Last month we started selling bone broth made by a local company, which was met with rave reviews – and generated lots of questions. Time for Bone Broth FAQs!

What is bone broth: Bone broth is a traditional food made by slowly simmering bones and veggies to make a nutrient rich, gelatinous broth. While it is quite a “fad” right now, rest assured that bone broth is as old as hunters and fire — the tradition of making good use of all parts of the animal. Bone broth is rich in nutrients that benefit your bones, hair, nails, gut health, and immunity. By definition, bone broth is a “cook your own food” kind of thing, and part of the movement to reclaim your right to health through home-cooked foods.

Note: the thin, pale broth that you can get in cans or boxes is NOT bone broth. It may add flavor, but not deep nutrients. When you take good, homemade bone broth out of the fridge, it is literally gelatinous.

How to make: Making your own bone broth is not hard, but it does take time. You need to source your ingredients well (i.e. organic, grass fed only). You need a big pot or crock pot. Good bone broth is simmered for 24-48 hours. Here is a great article from the Weston A Price Foundation that tells you everything you need to know about cooking your own (scroll way down to get to the actual recipes for chicken, beef and fish broth).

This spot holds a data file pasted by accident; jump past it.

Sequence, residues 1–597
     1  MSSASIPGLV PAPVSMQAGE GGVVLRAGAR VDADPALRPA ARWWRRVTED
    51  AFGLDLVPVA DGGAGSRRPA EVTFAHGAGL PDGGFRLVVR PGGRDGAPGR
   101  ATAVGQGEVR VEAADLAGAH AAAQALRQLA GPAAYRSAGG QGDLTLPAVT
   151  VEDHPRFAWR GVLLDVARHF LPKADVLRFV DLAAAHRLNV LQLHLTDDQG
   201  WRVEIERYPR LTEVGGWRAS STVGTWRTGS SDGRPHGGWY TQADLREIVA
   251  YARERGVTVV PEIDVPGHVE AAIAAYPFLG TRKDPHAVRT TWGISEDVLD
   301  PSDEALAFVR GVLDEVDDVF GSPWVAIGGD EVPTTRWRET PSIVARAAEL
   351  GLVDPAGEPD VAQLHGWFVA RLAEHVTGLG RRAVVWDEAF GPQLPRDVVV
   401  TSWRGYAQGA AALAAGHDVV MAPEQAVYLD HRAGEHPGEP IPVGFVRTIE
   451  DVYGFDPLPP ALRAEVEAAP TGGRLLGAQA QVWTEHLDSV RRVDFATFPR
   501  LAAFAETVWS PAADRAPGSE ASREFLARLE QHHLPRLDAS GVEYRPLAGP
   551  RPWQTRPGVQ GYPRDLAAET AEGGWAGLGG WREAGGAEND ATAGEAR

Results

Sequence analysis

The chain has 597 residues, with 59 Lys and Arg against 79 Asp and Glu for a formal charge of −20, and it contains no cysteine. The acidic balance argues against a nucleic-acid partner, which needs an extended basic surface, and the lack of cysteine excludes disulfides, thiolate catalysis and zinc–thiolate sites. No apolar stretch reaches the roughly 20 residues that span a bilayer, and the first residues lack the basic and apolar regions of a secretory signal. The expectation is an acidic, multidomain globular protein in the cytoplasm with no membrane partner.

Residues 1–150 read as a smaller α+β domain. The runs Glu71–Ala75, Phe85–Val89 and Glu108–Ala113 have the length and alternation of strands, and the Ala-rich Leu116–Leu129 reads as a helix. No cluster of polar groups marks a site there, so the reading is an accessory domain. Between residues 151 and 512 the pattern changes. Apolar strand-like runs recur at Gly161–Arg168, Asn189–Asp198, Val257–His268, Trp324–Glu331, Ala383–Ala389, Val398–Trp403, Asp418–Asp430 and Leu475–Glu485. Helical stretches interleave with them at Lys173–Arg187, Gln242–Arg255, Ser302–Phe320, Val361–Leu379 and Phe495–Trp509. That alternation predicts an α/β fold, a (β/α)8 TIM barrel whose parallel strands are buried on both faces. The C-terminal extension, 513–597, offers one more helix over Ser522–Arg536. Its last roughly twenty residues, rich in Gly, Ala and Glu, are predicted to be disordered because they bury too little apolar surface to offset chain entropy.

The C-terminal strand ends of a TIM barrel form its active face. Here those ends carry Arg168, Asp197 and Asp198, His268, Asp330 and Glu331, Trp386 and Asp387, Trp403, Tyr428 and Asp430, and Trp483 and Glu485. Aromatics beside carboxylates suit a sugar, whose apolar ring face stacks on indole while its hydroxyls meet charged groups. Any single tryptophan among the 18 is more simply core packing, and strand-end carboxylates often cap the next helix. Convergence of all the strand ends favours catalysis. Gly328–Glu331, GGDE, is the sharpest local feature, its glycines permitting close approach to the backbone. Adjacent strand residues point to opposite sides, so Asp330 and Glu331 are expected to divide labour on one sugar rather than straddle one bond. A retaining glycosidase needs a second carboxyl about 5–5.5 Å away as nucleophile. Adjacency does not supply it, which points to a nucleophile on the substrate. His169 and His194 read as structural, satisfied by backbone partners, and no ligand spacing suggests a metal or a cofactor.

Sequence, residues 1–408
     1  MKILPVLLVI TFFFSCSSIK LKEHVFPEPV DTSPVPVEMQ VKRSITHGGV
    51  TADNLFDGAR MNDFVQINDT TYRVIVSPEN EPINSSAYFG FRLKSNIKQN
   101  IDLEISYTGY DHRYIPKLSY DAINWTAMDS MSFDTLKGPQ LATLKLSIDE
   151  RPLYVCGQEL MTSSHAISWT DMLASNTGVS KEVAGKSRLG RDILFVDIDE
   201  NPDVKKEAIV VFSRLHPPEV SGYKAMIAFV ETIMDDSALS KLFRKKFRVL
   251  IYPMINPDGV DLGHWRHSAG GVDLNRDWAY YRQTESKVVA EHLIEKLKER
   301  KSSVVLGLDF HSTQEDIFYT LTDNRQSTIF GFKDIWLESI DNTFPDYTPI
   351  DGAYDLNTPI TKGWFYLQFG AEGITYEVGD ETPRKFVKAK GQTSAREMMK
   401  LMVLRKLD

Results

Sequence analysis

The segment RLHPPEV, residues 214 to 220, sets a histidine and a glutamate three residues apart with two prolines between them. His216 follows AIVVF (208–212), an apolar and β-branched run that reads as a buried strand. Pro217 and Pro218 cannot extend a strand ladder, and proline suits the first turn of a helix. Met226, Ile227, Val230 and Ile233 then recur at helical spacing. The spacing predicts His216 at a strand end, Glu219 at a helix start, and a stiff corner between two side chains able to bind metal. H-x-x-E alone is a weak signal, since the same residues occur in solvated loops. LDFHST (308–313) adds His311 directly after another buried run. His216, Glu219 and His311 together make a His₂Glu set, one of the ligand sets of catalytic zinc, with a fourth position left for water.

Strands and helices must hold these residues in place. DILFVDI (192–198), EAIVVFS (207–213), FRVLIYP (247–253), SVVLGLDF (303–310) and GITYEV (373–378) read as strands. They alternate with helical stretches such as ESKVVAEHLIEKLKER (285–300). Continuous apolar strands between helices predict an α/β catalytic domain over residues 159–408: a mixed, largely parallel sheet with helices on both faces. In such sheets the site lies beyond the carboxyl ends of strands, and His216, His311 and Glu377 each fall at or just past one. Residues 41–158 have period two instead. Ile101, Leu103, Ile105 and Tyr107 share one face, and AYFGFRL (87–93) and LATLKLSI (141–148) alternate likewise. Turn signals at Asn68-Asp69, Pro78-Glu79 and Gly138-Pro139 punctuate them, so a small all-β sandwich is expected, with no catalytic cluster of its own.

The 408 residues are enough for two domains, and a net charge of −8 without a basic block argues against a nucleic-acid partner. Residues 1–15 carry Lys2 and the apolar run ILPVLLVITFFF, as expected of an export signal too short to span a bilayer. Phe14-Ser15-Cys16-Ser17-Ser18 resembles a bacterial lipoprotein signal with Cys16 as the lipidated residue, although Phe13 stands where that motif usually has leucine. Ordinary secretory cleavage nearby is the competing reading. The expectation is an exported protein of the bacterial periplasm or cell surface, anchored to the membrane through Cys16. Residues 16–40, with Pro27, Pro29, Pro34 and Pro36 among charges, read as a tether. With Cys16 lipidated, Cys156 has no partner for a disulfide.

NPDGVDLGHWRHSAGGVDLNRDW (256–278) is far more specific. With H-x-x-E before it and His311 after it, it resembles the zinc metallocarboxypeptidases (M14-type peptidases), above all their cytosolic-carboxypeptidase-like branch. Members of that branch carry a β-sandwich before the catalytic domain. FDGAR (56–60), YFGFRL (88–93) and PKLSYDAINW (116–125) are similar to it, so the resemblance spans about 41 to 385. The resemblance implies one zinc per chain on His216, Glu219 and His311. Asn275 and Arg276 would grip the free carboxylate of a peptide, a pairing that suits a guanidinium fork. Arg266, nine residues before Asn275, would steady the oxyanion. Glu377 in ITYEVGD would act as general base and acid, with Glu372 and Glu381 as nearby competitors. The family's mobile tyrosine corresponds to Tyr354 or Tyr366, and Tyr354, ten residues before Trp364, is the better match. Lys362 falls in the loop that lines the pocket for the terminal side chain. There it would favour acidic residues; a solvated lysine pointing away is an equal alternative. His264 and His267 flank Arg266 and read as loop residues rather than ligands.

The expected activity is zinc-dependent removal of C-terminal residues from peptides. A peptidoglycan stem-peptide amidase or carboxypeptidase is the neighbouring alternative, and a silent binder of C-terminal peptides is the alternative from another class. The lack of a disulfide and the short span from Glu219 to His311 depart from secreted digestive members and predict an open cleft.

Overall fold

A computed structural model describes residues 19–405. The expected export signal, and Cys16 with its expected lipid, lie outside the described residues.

Where to buy: Not up for making your own? Fortunately, in the Bay Area, you have lots of options for buying homemade, “real-deal” bone broth.

How to use:

The key to using food-as-medicine bone broth is getting in the habit of using it consistently over time. Well-made bone broth is delicious, so it isn’t hard to figure out how to use it.

  • As a base to soups.
  • As part of or all the liquid when making rice or other grains.
  • Sip a cup in the morning or afternoon.
  • Don’t throw out the “fat cap” at the top – either stir in and add to what you are making, or use as you would any other cooking fat.

How long does it keep/how to store?

  • Several weeks in the fridge, several months in the freezer.
  • If your make your own, or buy unfrozen, be sure and leave space at the top of the jar for expansion if you freeze it.
  • Clever tip: pour into ice cube trays, freeze and store in ziplock bags in the freezer. This way, you always have some on hand, ready to toss in at the end of a stir fry, add to already cooked soup or grains, or simply sip.

Kirstin Lindquist, L.Ac

Like this post? Share it!
Share on FacebookShare on Google+Tweet about this on TwitterEmail this to someone